From: Martin Slater (mslater_at_[hidden])
Date: 2005-11-10 05:17:37
>>Some recent tests I've done that compare Ebenezer Enterprises
>>and Boost.serialization's performance show the
>>Boost.serialization approach to be 7 to 9 times slower than the
>>Ebenezer Enterprises approach. I'm using Linux 2.6.12,
>>gcc 4.0.2 (with -O3) and a Boost.serialization library from the
>>release tree. A test that compared the times to serialize/send
>>a list<int> took 7.4 times longer with Boost than Ebenezer.
>>I timed the following
>> oArch & lst; // oArch is a binary_oarchive
>> msgs.Send(buffer, lst); // In order to compare apples to apples,
>> // I removed a section of code at the end
>> // of the Send function that flushes the
This seems wrong to me, comparing library to library as it is written
and as the user see's it would be much more interesting and to me makes
this test pointless. If you can really just remove the flush then it
probably shouldnt be there in the first place or configurable by the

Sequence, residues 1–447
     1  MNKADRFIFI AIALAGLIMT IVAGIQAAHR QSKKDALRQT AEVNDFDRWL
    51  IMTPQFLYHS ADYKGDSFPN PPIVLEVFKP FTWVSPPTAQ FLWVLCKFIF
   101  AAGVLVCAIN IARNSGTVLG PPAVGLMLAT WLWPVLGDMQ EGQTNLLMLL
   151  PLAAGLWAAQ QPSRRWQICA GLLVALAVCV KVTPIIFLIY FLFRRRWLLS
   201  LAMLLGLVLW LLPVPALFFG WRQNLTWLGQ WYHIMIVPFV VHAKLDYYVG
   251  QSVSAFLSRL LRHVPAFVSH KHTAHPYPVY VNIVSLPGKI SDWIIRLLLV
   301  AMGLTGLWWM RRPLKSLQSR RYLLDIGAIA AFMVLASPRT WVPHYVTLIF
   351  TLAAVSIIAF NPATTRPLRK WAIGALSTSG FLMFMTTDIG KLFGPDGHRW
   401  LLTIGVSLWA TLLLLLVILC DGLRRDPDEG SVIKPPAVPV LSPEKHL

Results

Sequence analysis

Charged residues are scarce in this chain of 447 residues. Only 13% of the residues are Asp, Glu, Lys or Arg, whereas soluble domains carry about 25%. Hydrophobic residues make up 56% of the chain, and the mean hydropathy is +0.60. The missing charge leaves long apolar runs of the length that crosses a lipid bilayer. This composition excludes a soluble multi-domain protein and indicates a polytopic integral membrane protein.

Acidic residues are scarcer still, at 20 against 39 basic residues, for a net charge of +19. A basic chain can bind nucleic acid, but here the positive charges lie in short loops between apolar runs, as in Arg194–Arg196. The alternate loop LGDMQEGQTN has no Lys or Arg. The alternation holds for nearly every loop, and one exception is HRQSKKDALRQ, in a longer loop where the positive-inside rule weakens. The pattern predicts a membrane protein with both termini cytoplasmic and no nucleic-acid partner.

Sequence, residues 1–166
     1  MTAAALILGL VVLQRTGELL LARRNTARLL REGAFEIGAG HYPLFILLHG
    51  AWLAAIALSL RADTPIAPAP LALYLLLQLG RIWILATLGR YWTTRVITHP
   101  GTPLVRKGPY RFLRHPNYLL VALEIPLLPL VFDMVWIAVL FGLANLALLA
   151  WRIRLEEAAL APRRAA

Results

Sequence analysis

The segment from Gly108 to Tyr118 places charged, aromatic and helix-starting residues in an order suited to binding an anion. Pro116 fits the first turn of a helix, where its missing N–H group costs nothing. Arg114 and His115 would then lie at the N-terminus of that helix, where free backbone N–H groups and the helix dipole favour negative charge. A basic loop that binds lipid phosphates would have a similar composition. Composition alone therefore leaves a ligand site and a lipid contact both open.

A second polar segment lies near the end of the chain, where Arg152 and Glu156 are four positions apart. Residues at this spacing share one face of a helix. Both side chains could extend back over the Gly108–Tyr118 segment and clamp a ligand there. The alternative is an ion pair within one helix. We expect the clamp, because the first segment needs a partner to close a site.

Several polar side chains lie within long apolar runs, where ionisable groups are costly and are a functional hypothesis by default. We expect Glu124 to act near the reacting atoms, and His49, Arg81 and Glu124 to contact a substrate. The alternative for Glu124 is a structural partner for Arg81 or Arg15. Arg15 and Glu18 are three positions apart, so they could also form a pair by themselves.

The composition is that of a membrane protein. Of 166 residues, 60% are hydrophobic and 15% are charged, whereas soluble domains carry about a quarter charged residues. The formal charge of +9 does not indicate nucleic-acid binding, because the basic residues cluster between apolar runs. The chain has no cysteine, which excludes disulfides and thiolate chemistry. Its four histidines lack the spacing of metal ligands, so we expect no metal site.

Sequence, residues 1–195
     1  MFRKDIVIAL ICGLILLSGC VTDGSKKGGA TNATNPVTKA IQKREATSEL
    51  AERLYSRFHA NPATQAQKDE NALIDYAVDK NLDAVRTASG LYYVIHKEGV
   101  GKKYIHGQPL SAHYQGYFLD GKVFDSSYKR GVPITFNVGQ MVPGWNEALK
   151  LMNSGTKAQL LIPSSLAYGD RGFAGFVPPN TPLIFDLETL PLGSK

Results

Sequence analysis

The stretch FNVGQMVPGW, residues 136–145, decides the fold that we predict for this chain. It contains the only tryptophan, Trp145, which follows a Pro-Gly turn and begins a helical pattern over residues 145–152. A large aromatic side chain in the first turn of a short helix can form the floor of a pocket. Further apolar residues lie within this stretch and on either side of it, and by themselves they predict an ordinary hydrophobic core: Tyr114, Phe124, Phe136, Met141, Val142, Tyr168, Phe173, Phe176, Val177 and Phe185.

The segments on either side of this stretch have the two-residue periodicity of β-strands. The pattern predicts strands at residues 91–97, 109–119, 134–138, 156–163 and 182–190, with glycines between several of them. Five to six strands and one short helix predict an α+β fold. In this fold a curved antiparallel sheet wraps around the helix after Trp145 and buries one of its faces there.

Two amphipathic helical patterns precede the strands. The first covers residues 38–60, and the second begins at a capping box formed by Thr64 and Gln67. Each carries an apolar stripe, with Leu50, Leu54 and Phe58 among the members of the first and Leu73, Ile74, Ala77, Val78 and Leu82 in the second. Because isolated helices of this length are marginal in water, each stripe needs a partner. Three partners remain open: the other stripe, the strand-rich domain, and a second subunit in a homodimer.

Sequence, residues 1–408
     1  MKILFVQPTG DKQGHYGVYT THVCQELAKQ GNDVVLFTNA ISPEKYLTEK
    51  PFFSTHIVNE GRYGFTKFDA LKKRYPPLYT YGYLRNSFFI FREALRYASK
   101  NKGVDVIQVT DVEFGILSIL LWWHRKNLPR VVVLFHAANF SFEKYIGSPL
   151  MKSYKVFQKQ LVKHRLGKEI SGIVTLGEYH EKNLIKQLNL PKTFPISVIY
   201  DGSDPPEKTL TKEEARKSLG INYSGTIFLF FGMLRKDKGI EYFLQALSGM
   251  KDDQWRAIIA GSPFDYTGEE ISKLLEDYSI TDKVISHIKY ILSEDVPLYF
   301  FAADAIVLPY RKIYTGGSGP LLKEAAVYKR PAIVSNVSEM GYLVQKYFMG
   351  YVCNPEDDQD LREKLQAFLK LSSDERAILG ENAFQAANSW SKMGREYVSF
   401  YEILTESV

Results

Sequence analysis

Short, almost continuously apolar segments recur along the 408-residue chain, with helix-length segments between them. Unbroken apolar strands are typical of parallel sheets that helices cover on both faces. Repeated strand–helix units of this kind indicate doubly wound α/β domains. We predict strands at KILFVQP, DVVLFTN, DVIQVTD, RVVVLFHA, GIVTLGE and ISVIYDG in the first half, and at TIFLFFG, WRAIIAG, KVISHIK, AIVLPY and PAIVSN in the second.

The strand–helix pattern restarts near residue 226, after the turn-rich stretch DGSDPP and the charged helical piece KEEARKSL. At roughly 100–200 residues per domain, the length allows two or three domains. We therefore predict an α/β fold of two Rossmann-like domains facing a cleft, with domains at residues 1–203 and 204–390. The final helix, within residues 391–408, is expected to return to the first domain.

user on an archive by archive basis.
>>In a second test I added a deque of int...
>> oArch & lst;
>> oArch & dq; // std::deque<int> dq;
>> msgs.Send(buffer, lst, dq);
>>In this case Boost took 9.1 times longer than Ebenezer Enterprises
>>approach. If you want to run these tests with other compilers I
>>think that would be helpful. I've been warned not to put too much
>>emphasis on numbers from gcc.
It would be interesting to see what the results are with a vanilla
version of your library as well as a feature by feature comparision to
see if you really are comparing apples to apples.
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